In Colorado Springs, where recreational marijuana sales are illegal, a consumer can wander into a head shop, pay an exorbitant sum for a pipe or a lighter and get the "change" in marijuana.
Those unlawful transfers of pot must stop, Deputy Chief of Staff Bret Waters told the City Council on Monday.
"Illegal gifting and transfer is opposed by legitimate medical marijuana businesses," said Councilman Larry Bagley, who has led a marijuana working group that has studied city pot laws for the past year.
The council soon will be asked to pass an ordinance that bars such transfers. It also will be asked to consider limits on medical marijuana businesses, which have been under a moratorium that ends May 25.
The proposed caps would not affect the 132 dispensaries, 173 grow houses and 51 marijuana-infused products plants (MIPs) now licensed and operating legally at 212 locations in the city, said Lee McRae, marijuana enforcement officer with the City Clerk's Office.
The council also should consider whether to allow marijuana testing facilities, McRae suggested.
Only 14 now operate in the state, mostly along the Front Range but with two in Durango and one in Carbondale.
Almost all of those laboratories test medical and recreational marijuana, said Tom Scudder, a member of Bagley's working group and manager of A Wellness Centers dispensary.
"You might consider allowing a lab to test both," Scudder said. "For economy of scale, a lab would be more likely to come into Colorado Springs if it could test both. It doesn't mean we'd have recreational here, only that they could test it here."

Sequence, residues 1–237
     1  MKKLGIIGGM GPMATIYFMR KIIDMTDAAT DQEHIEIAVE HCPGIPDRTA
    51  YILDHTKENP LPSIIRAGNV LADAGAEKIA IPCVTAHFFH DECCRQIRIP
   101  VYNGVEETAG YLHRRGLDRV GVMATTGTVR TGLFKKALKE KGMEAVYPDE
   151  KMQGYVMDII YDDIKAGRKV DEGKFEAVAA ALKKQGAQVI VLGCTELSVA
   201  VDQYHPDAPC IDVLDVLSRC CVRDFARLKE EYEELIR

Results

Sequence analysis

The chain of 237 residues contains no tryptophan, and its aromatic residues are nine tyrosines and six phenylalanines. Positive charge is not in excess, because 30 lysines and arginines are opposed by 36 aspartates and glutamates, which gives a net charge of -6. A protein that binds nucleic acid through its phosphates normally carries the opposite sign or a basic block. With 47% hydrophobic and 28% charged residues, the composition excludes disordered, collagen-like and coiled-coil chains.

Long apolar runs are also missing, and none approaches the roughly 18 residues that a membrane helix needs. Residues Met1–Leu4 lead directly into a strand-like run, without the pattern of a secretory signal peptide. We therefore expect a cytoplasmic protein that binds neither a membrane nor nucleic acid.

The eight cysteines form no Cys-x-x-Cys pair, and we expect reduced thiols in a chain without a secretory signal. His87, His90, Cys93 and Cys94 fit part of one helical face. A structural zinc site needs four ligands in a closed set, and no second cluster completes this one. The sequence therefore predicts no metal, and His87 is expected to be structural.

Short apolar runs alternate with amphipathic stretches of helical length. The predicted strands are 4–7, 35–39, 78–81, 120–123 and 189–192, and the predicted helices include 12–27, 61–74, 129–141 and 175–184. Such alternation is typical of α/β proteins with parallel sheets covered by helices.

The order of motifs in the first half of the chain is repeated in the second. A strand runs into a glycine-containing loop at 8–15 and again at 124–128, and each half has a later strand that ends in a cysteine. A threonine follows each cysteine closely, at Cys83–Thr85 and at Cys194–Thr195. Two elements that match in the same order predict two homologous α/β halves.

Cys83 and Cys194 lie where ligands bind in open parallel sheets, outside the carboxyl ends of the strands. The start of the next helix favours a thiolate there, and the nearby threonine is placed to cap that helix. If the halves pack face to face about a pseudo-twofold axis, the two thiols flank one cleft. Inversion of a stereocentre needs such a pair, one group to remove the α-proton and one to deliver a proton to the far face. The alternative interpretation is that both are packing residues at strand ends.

The proposed caps on medical marijuana, meanwhile, pose some complications for the council to consider.
The state requires dispensaries to grow 70 percent of their own product, so many operators also own grow houses. The two have separate licenses.
Under the proposed ordinance, an owner still could sell a business. But if a license expires or is surrendered, it could not be replaced, McRae said.
People could seek licenses for new grow houses and MIP plants if they will be fully co-owned and on site with an existing medical marijuana operation in appropriate zoning.
A medical pot outlet could move only if the entire operation moves into appropriate zoning or to an existing licensed location with, again, 100 percent common ownership.
As with licenses, surrender or vacation of an existing medical marijuana location does not create an opportunity for replacement, McRae said.
Council President Merv Bennett suggested the working group recommend which laws the council should adopt.
Councilman Don Knight said, "Today is the one-year anniversary of when we brought forward ordinances to outlaw recreational consumption clubs. The one around the corner from my house is still up and operating. It's great to do these ordinances, but enforcement is not what I had anticipated, to say the least. What is stopping us?"
Chief of Staff Jeff Greene said an executive session will be needed to discuss that problem.
Nine cannabis consumption clubs sued the city last April but were ordered by the City Clerk's Office in September to stop operations because they did not obtain city licensing required under the year-old ordinance, which also gave the clubs eight years to phase out operations.
Meanwhile, a state Senate committee on Wednesday is to consider a bill allowing marijuana consumption clubs, another to allow private pot clubs and a third to change state marijuana laws and allow for delivery.